In the wake of the Imperial Sugar (formerly Dixie Crystal) dust explosion which killed 12 and has 11 more in critical condition. There has been a lot of awakening to the fact that OSHA can only recommend the strategy to defend against explosions in plants where there is a high possibility of an explosion due to combustible dust particles.
The Weekly Toll blog, which is the sister site of the USMWF- United Support & Memorial For Workplace Fatalities, started a petition 2 days after the explosion, that states:
We want OSHA to issue comprehensive combustible dust standards and we fully back the Committee on Education and Labor in their request to Secretary of Labor Elaine Chao for answers and action based on the CBS investigations and recommendations.That petition can be found here also, at the top left hand side. It can also be found on the Combustible Dust Explosions and Fires blog, which was created by Watermon, who is the same man who created the Combustible dust accident Google map and is a contributer of the OSHA Underground blog.
A byproduct is that this is the first case in which I have noticed both labor federations as a united front. Both blogs are fighting for this. Both are spreading awareness with some of their top writers. While it would be nice if they mentioned Weekly Toll and the petition, I guess we'll take what we can get.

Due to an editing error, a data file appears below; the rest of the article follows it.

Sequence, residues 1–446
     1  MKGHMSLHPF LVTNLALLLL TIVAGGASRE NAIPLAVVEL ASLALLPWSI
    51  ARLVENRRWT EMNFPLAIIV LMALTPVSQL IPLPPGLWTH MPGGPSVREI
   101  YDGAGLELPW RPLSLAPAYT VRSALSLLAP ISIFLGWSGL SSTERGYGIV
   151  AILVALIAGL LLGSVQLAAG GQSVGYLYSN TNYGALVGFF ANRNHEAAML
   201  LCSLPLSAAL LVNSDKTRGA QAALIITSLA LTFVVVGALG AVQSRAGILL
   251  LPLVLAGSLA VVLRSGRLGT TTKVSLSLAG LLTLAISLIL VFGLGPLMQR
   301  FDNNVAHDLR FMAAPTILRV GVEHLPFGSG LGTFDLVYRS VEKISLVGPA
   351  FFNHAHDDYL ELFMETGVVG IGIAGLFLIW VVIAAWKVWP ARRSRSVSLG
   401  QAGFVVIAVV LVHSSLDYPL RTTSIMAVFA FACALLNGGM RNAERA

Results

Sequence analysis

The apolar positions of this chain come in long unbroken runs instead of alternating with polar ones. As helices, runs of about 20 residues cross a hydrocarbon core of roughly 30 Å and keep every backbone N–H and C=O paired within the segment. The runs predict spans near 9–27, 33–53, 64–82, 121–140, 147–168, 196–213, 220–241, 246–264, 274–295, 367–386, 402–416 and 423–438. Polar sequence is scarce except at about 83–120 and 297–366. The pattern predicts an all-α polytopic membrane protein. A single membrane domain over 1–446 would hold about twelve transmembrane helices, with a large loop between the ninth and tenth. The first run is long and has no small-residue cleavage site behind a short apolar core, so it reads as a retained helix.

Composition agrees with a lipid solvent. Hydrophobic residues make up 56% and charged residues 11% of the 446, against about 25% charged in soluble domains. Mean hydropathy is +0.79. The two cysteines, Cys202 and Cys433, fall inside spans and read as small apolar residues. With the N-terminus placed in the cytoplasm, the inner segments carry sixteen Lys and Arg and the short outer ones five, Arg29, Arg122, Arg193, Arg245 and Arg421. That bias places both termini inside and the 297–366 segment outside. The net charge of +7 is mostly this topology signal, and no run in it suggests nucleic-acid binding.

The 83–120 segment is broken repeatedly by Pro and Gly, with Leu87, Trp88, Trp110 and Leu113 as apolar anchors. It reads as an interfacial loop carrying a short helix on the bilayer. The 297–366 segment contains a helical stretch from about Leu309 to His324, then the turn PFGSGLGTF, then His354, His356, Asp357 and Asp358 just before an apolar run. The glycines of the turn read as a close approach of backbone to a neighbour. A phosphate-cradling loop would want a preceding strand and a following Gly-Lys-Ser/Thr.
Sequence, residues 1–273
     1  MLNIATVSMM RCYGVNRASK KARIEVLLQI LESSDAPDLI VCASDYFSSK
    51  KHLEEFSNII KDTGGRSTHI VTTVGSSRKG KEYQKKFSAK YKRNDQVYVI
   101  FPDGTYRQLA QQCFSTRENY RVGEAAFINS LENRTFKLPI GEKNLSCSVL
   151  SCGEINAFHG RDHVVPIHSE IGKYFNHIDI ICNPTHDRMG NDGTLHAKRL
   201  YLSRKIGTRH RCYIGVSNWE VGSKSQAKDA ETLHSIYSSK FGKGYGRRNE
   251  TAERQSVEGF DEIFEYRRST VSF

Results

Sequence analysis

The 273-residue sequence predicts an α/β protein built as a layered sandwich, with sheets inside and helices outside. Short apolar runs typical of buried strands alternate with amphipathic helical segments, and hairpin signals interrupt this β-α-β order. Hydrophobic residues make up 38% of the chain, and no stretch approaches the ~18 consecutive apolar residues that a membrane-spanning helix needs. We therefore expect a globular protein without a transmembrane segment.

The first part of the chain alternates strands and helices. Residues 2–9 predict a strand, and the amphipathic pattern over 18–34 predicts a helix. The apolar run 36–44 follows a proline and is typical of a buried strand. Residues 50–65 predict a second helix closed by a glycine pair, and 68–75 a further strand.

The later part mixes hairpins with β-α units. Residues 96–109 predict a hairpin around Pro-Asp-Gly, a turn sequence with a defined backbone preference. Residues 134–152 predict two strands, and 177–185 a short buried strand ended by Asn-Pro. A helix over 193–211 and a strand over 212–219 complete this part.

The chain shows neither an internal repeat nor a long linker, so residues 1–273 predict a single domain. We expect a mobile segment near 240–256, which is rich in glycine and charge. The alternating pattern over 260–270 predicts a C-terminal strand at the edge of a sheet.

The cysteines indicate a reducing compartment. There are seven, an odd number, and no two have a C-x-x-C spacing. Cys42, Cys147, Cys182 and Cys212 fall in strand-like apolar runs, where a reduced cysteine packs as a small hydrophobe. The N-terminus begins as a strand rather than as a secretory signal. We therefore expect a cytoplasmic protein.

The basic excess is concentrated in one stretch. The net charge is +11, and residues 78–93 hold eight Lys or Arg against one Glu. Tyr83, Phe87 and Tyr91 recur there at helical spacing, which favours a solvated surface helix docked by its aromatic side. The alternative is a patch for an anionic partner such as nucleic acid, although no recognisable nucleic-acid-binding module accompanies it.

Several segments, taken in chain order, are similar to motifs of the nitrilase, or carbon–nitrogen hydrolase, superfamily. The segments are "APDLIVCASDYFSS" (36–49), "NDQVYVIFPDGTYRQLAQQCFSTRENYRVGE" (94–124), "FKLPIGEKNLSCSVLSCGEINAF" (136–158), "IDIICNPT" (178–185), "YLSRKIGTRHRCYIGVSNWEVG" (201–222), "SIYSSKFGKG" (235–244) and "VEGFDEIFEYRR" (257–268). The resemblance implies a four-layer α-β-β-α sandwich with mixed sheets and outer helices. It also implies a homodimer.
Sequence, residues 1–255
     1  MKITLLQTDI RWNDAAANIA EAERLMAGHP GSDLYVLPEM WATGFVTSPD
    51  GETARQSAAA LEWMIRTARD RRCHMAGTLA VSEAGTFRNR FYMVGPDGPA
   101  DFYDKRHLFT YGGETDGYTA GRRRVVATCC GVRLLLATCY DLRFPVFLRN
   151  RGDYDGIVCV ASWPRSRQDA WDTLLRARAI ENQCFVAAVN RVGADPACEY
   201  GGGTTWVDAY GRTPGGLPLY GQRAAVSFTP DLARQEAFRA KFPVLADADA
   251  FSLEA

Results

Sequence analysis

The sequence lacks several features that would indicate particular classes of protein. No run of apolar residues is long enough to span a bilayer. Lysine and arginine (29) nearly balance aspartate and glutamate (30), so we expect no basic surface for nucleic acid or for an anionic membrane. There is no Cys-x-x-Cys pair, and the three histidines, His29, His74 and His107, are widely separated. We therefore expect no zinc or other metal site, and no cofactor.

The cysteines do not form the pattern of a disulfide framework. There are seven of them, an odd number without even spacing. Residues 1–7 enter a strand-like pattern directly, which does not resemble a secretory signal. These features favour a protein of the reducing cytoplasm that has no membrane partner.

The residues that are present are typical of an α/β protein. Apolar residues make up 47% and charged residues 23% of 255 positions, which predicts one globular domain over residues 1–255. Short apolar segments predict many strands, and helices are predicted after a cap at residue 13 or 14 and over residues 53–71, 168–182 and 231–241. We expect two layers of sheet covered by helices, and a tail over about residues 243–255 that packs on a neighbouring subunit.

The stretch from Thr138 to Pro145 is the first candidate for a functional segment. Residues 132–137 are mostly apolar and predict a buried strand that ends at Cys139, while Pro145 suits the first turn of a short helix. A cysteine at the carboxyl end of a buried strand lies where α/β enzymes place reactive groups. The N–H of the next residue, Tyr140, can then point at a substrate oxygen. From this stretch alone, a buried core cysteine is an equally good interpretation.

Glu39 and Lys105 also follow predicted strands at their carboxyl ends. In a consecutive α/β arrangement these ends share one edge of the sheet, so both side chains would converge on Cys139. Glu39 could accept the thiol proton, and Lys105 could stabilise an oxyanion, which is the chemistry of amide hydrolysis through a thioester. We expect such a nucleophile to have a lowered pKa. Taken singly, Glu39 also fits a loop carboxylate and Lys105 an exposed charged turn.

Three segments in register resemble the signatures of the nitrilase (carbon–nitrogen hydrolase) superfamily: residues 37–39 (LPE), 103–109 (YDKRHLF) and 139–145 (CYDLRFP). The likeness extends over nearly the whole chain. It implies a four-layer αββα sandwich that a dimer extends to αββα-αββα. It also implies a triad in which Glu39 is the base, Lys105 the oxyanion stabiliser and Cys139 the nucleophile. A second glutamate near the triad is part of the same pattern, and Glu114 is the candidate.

Heres the most recent stories from both, and they have both covered this in depth previously:
Change To Win 3-04-08
OSHA to Workers: All Right, All Right, We'll Check if Your Workplace is About to Explode. But Just This Once!
On February 20, I wrote in this space about OSHA's inaction on the problem of "combustible dust" -- invisible particles that build up in some workplaces, creating a dangerous risk of explosions -- and how that inaction led to the deaths of twelve workers and injuries to many more when the Imperial Sugar plant at Port Wentworth, Georgia exploded on February 8, along with many other deaths and injuries in other accidents over the years.
Since then, there has been a steadily growing call for OSHA to (belatedly) do something about combustible dust. On February 20, several Change to Win unions presented Labor Secretary Elaine Chao with a petition demanding action, and op-ed pages in Georgia have taken up the call as well.
Yesterday, Congressional leaders Rep. George Miller (D-CA) and Rep. John Barrow (D-GA) introduced legislation to force OSHA to act and scheduled hearings for March 12 to investigate why the agency dragged its feet. And also yesterday -- nearly a month after the Imperial Sugar explosion, and just days before those hearings -- OSHA chief Edwin Foulke, Jr. announced that his agency would finally be doing something:
Federal inspections will be carried out at hundreds of plants where combustible dust is a workplace hazard, a top safety official said Monday at a sugar refinery where dust is suspected of causing a deadly explosion.